By IQT News posted 19 Nov 2021

(MarketScreener) SAP has been conducting research into quantum technologies for many years and has built up considerable expertise in the process. According to Andrey Hoursanov, strategy lead for Quantum Technology at SAP Security Research, “Many customers are already asking where SAP is on its quantum tech journey. After all, we have shared interests in exploiting the technology”.
The SAP Security Research team is tasked with looking into these questions and exploring ways of harnessing the exponential computer power quantum computing promises. At the same time, protecting business-critical data must remain a priority, because as quantum computing advances, its raw computing power poses an increasing threat to today’s encryption schemes as quantum technologies might decode them relatively quickly.
“We began looking into quantum technologies about five years ago. We’re now examining its implications for areas such as data security,” says Andrey Hoursanov.
“If quantum technologies realize their potential, we may in the future be able to solve complex tasks that even the most powerful supercomputers fail at today,” says Martin Heinig, head of New Ventures and Technologies at SAP.
In logistics, for example, the optimal route, mode of transportation, and product quantity for deliveries could be identified at each point in the supply chain and updated in real time as conditions change. For other industries too, enterprise software solutions from SAP could simulate business processes more easily and infinitely faster.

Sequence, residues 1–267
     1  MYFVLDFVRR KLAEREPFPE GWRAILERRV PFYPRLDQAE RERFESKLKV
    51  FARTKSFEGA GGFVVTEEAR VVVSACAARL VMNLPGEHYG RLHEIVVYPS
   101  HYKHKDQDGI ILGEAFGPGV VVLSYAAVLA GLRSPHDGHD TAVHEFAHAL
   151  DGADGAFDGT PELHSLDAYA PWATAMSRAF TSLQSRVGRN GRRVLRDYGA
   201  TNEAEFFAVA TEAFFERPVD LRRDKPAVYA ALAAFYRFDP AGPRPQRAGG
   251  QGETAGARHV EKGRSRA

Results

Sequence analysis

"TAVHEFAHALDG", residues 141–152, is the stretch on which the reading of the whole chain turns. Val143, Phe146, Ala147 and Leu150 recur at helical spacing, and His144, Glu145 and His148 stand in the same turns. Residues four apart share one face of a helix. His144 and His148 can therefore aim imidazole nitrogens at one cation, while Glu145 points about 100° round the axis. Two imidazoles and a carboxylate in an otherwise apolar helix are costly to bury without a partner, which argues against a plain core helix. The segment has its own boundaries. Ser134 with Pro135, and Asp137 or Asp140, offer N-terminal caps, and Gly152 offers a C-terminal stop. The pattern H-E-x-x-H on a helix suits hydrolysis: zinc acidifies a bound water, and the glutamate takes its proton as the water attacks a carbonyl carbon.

Quantum technologies could also massively accelerate machine learning in SAP solutions by making artificial intelligence (AI) super-intelligent and allowing training data to be fed into the software more quickly.
But the benefits of the immense computing power promised by quantum technologies also pose a major challenge to conventional encryption methods.
For SAP, preparing for the quantum era means securing critical and sensitive data using post-quantum and quantum-resistant cryptosystems.

Making quantum technologies commercially viable requires cooperation between industry and academia and involvement in multidisciplinary consortia. SAP is part of the EU Quantum Flagship, one of the EU’s largest research initiatives, and a founding member of both the European Quantum Industry Consortium and the Quantum Technology and Application Consortium, where it is working with leading experts, quantum technology players, and future consumers of quantum technologies – many of which are SAP customers.

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